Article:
Enlist a student/faculty team to create the aStore page, keep it fresh. Integrate fun incentives to encourage frequent visit, e.g., create a related YouTube channel on the site featuring clips from marching band performances, concerts, talent shows.

2. Kroger Neighborhood Reward program – similar to preceding concept, this allows your school to earn commissions on purchases made at your local Kroger and affiliated stores (e.g., Ralphs, Dillons, King Soopers). Easy setup. Fill in the application with proper 501(c)3 verification, then purchase loaded gift cards that are re-sold to participating families. Cards can be continuously recharged. When aggregated purchases exceed the $5k per 4-week threshold, your school receives a 4% commission check. Everyone needs to eat, Krogers is a great place to shop.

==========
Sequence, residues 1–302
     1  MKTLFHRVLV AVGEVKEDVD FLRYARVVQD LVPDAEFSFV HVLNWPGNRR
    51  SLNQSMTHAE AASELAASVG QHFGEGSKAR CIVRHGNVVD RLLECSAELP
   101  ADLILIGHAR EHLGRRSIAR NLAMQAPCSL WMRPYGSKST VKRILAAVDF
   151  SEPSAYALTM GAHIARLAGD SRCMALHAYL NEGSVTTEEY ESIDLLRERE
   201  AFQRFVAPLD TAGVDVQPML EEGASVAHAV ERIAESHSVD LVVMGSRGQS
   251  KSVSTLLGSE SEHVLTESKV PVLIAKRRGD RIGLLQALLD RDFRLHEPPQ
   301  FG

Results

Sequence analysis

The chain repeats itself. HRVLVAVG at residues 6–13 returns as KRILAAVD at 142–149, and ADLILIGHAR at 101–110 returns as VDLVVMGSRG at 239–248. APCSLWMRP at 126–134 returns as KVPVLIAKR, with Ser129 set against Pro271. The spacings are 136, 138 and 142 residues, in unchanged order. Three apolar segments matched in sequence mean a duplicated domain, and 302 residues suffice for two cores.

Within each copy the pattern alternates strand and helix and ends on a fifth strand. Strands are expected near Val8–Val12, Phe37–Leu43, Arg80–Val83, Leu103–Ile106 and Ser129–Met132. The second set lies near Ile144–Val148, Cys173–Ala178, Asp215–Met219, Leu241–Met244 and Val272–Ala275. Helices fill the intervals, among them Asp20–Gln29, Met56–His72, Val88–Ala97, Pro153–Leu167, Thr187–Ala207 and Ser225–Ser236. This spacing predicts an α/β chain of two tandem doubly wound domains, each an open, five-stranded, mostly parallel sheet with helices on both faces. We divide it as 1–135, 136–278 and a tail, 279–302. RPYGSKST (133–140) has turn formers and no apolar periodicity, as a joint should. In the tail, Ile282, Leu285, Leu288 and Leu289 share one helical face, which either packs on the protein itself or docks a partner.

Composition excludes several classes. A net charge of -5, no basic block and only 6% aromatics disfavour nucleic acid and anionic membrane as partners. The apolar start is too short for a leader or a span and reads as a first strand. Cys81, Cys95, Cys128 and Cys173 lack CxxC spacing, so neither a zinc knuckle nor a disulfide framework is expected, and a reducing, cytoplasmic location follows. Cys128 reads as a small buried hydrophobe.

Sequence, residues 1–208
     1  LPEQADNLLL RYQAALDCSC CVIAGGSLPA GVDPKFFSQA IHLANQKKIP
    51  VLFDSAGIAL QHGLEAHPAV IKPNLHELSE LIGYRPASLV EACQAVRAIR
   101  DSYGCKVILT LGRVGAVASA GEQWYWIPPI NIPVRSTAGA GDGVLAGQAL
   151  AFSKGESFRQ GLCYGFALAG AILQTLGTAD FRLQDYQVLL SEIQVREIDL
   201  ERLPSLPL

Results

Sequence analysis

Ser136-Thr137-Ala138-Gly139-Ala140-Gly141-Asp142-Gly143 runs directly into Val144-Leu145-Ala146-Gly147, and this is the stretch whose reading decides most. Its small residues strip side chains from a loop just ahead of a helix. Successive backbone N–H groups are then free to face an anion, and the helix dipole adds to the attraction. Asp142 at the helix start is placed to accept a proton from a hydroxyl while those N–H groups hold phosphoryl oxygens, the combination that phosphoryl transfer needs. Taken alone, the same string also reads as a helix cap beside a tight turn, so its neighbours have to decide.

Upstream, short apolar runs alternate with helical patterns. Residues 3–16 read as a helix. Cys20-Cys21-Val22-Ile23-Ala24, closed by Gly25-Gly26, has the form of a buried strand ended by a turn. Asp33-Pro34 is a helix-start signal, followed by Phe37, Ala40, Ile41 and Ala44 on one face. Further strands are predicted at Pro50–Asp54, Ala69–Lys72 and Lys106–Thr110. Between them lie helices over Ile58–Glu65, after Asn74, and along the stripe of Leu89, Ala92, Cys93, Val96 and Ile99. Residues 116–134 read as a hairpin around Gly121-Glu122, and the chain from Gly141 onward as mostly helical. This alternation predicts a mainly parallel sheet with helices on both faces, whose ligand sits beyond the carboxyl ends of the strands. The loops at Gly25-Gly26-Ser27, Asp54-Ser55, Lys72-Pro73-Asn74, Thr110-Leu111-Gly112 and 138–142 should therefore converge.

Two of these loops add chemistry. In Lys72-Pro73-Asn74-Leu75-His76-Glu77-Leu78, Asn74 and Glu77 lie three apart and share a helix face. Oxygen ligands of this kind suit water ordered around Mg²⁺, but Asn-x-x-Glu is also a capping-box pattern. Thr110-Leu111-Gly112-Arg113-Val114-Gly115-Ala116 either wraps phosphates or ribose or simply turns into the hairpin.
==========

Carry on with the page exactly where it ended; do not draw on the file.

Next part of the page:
3. eBay Instrument Resale Program – where do all those instruments go that were played by graduating seniors? Some to college, some to younger siblings, most likely hibernate in a closet. Find a seasoned eBay’er in your parent population, or better yet, a local music shop that would host an “eBay drop off store” capability. They can efficiently refurbish instruments as necessary, and with more shops building online presence (to survive), they have optimized listing and shipping techniques.

The music shop earns a consignment fee and gets to boost their eBay transaction volume and feedback ratings, whereas the school collects net proceeds. There may be some tax benefit for the family donating the instrument … need to check with a tax expert. Think broader than the band/orchestra instruments … all those guitars, amps, music books. eBay is a huge market (90 million traders globally) to monetize value from those closet-destined instruments.

4. Ukulele After-School Club – yes, a plug for my program, but it offers relevant help. Not as much a fundraiser as it is a program to create more incentive to join and support music making. The more students involved, the more parents that see value and give it weight. The enrollment of 8th grade students in band/orchestra across US schools is only 1-in-5. Not every student desires to play or can afford such instruments.